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InsideHoops [Streetball]

Inventor of Harlem Shake Interview




| Aug 13, 2003

The Harlem Shake is a dance that started in Harlem, New York, and spread to other urban areas, made it's way into rap videos, and has spread around the world. As the Entertainer's Basketball Classic at Rucker Park announcers will tell you, a man who goes by the name "Al B" and the nickname Sisqo began the modern day version of the Harlem Shake, yet while he gets his praise in Harlem, the rest of the world has no idea. is giving the Harlem Shake man his due. What was originally called the "albee" -- in Rucker and Harlem -- came to be known as the Harlem Shake. editor Jeff Lenchiner met with AL B for an exclusive interview. This is the Harlem Shake founder's first interview ever with a national media source. Get ready for a wild ride. You're known around here as the founder of the Harlem Shake, which has spread far and wide. For starters, introduce yourself.

Al B: My name is Al B. That's all I can say for now. I'm from Harlem, and the Harlem Shake came from Al B. It's a drunken shake anyway, it's an alcoholic shake, but it's fantastic, everybody loves it and everybody appreciates it. And it's glowing with glory. And it's respected. But if we could mystify it, and become historian, about this Egyptian jazz... Okay...

Al B: Pharaohs invented this thing, with spears, and hats, and gowns. And so, it becomes a subject of being communicative to the system and to realization. If you get my drift. I feel you. Tell me more.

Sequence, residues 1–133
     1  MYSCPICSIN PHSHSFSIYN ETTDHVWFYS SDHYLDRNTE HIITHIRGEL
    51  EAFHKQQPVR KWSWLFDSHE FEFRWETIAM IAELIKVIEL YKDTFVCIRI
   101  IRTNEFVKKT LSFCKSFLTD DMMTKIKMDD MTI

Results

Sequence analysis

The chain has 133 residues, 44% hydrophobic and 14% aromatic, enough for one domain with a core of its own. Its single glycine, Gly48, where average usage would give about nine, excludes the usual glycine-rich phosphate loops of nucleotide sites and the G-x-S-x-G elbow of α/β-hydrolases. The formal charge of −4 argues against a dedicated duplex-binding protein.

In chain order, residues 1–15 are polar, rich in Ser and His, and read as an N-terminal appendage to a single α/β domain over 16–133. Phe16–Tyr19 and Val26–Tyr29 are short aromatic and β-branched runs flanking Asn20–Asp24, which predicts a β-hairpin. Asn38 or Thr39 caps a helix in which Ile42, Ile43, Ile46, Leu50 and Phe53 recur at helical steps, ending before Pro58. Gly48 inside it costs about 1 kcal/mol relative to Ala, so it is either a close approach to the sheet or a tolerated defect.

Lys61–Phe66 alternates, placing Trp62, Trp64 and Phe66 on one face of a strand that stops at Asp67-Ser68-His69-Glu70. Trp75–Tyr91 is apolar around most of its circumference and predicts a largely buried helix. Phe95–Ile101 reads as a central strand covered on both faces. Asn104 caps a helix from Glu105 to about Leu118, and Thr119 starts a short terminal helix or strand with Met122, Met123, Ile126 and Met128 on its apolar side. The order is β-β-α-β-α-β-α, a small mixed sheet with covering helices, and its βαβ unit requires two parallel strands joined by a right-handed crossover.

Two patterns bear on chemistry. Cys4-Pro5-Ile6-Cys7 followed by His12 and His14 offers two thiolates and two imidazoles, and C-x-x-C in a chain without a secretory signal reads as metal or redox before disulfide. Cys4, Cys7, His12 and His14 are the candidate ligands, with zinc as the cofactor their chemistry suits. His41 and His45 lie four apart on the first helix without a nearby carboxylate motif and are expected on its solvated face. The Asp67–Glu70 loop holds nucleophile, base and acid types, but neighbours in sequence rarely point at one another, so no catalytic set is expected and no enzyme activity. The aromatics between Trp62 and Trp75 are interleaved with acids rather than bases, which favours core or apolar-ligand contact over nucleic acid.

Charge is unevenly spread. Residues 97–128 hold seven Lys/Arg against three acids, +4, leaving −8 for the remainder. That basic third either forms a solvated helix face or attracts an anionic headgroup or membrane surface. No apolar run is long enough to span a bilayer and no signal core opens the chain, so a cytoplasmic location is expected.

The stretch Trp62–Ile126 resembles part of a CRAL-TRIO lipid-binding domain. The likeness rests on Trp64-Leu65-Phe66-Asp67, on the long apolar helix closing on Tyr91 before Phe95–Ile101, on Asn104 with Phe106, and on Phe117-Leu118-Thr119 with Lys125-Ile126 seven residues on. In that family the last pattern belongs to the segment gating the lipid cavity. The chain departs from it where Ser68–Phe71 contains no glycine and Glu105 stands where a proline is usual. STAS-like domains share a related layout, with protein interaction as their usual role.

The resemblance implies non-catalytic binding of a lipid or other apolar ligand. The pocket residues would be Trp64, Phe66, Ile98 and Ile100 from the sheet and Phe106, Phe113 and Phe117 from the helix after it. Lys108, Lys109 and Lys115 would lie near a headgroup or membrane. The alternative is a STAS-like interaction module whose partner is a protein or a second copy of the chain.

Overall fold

Al B: Well the Egyptians were very recycling and very prosperous. And all different types of subjects - tin, copper, gold, diamonds, sapphires, rubies. And as for the Harlem Shake, did you first do it here, with the music playing in between games?

Al B: Yes. It was a drunken dance, you know, from the mummies, in the tombs. That's what the mummies used to do. They was all wrapped up and taped up. So they couldn't really move, all they could do was shake (laughs). The mummies as they were lying down but trying to get back up...

Al B: Trying to get up, all they could do was shake. And when did you start it, and when did other people catch on?

Al B: I've been doing this since 1981. It just came into effect in the 90's. In the 90's it just came into effect, everybody just caught on. Because they had all types of kind of dances out. Who caught on first, EBC?

Al B: EBC, right. And it spread.

Al B: It spread to all the parks, and all the picnics, and all the areas, museums, and, you know. Biologically. How do you feel when you hear people give you credit for it?

Al B: It's beautiful. I have no animosity over nobody. I'm not jealous, I don't have no money. It's not the money, man, it's principal. You know. Long as you behave yourself and you having fun, and you ain't no jailbird, you can have fun. You can do whatever you can do, right? Absolutely.

Al B: Absolutely. The key to life is feeling good...

Al B: Feeling good... ...And having fun.

Al B: Even you don't have no money. A few times people have said that maybe someone can put you in a music video, which might be cool, do you care about that, or not really care about that?

Al B: I don't care about that. It's no adversary to me. I do it to have pleasure. I double the fun like double the pleasure. There you go.

Al B: See what I'm saying? I see what you're saying.

Al B: You see what I'm saying? I see what you're saying.

Al B: Hey, I'm not jealous of the next guy that's doing it better than me. Listen, as long as I'm having fun.

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